14 Nov Protecting our past & our future
Guaranteeing the safety of our educational facilities has always been a challenge. Today the size of our universities, the diverse nature of the buildings involved and the sheer number of people present only serve to increase the complexity of this challenge. Protection is vital, however, particularly from fire writes Remo Notter Head Mass Market Europe of Siemens Building Technologies Division.
Fire protection is not only concerned with life safety and ensuring the uninterrupted daily routine of university life, it also includes the protection of the physical assets, such as the buildings themselves, the costly high-tech infrastructure, archived documents and manuscripts, etc. In the majority of cases, universities around the world are now self-funded and run along the lines of any other commercial organisation. Student fees and research grants (from government agencies, industry and private foundations) are a vital source of income, without which many universities would struggle to be viable.
The direct costs alone of fire damage to lecture theatres, laboratories or entire buildings could be quite considerable. However, the consequential loss of income resulting from the inability to provide the required educational training or carry out the contracted research work could deal a severe blow to the university’s income. It would also have an inevitable impact on its reputation and its ability to recruit high calibre teaching and research personnel.
Early and reliable detection
Personal safety is generally regulated by law, while the protection of material assets is mainly determined by the requirements stipulated by insurance companies. Although the importance of asset protection should not be underestimated, life safety must always be given the highest priority. In universities and colleges this means protecting the lives of thousands of students, staff, technicians, support workers and visitors on a daily basis.
In most countries national and regional directives specify the required fire safety standards for all educational facilities. To meet these legal standards of safety and damage mitigation, a comprehensive fire protection system must be implemented. This system should ensure early and reliable fire detection, activate all necessary warning devices and fire safety control functions, and notify the local fire services.
Large, complex campuses
University campuses often consist of a large number of buildings which serve a wide range of functions. These not only include teaching facilities, administration offices and student accommodation, but also libraries, a variety of specialised laboratories and high-tech research facilities. While some of these may be located in close proximity to one another, on larger campuses they may be some considerable distance apart.
The size and complexity of these facilities, together with the functional diversity and the fluctuating numbers of students and staff present at any one time, means there is no universal fire protection solution that fits all cases. The number of buildings, together with the diversity of size and usage, present a considerable challenge to the planning of an appropriate fire protection solution. Attention should, of course, be given to those critical areas where large numbers of students, staff or visitors are frequently present. Special attention should also be paid to those areas where deceptive phenomena (such as steam, vapours, dust, etc.) can be anticipated.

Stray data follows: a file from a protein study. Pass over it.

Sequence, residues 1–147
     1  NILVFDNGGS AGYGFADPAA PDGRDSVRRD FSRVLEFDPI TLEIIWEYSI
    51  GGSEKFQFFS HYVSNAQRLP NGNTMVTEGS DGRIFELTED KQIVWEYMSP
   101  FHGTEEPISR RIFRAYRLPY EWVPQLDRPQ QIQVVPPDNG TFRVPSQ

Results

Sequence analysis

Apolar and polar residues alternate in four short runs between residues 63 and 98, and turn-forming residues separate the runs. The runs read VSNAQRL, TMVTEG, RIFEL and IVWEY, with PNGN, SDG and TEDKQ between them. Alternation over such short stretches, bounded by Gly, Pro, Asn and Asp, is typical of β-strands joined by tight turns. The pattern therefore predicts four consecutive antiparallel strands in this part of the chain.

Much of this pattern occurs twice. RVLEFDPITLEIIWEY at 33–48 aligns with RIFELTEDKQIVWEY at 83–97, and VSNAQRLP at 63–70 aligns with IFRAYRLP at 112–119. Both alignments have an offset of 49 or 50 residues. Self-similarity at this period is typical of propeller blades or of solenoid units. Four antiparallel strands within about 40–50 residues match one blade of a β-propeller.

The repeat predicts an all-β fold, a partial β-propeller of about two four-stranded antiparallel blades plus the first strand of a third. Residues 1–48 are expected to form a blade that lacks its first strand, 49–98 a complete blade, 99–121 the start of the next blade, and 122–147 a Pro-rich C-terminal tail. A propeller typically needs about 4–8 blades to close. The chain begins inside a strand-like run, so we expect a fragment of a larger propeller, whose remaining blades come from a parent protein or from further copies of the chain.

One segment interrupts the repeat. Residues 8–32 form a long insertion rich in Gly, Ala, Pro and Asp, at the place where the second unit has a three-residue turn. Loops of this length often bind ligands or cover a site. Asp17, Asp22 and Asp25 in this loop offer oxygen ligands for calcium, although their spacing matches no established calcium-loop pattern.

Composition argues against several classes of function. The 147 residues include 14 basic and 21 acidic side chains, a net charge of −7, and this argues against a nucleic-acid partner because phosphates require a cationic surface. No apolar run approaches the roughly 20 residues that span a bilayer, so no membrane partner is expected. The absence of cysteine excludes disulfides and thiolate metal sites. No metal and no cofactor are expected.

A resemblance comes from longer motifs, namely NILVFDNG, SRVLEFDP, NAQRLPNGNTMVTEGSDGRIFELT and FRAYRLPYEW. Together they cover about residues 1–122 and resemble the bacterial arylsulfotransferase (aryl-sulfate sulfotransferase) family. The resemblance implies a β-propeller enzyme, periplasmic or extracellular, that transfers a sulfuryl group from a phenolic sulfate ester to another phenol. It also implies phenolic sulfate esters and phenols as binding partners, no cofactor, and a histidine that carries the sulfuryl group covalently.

Applications such as cleanrooms will require extremely sensitive early detection, which can be best provided by aspirating smoke detection systems. On the other hand, the diversity of uses of event venues or similar large halls will demand a high degree of flexibility. Being able to modify the response behaviour of the fire detectors, in accordance with the anticipated level of deceptive phenomena, is an ideal way of ensuring this flexibility.
False alarms and thoughtless behaviour
The fire safety record of higher education facilities is generally quite good. One area that is always a concern, however, is student accommodation, where a high incidence of false alarms and minor incidents result in numerous unnecessary evacuations and fire brigade call-outs. The cause can frequently be attributed to careless or reckless behaviour of the residents and their friends (e.g. leaving cooking unattended, the use of candles or smoking materials etc.). Such incidents are a costly and frustrating waste of fire service resources.
More importantly, frequent unnecessary evacuations can breed complacency among some residents, which may easily result in a genuine alarm being ignored. State-of-the-art products, together with the relevant technical know-how, can now practically eliminate false alarms caused by deceptive phenomena, such as steam, cooking vapours etc. Correctly positioned multi-criteria detectors with the appropriate parameter settings for the anticipated deceptive phenomena are essential pre-requisites in achieving this goal.
Good organisation and management are also an important factor in preventing incidents resulting from thoughtless behavior. When students first take up residence, it is essential that they are instructed in good fire safety practice, which should be reinforced by regular follow-up training. The strict enforcement of fire safety regulations covering smoking bans, the use of candles and the misuse of electrical equipment is particularly relevant in student accommodation where careless, ill-advised behavior can put property and lives at risk.